Two essays on mutual fund performance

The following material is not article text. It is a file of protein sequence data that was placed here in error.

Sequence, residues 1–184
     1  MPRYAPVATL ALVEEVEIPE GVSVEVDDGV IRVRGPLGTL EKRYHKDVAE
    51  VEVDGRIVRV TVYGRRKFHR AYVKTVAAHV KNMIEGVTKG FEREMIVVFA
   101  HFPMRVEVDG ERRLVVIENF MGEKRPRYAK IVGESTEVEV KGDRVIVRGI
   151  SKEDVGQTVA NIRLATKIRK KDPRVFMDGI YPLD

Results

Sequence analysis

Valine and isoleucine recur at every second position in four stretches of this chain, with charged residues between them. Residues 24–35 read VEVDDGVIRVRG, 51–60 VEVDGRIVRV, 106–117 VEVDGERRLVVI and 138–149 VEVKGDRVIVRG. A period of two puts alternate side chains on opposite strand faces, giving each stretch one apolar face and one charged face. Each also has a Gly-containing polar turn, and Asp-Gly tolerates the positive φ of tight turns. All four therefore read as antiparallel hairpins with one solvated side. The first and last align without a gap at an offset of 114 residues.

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In these two essays, I examine the relation between mutual fund characteristics and fund performance. In the first essay, I test the impact of liquidity and liquidity risk on mutual fund returns. I find that equity funds with the most illiquid holdings outperform those with the most liquid holdings by as much as 4.40 percent annually. Funds with high liquidity beta only marginally outperform those with low liquidity beta on average. However, this outperformance is significantly stronger after excluding periods of extreme market illiquidity. Testing the liquidity and liquidity risk effects jointly reveals that both independently positively influence fund returns. In the second essay, I test the relation between fund fees and fund performance. Theory suggests that mutual fund fees should be positively related to before-fee returns (Berk and Green (2004)), while recent empirical work documents a negative relation (Gil-Bazo and Ruiz-Verdu (2009)). I find that the previously identified negative relation is not robust to alternative empirical specifications. Portfolio sorting and regression analysis with controls for fund characteristics find a positive relation between before-fee returns and expense ratios. I also find a positive relation between before-fee returns and management fees, the fee used to compensate fund managers. Extending the analysis to proxies for manager skill, I find a positive relation between fees and both trading skill and active share of holdings.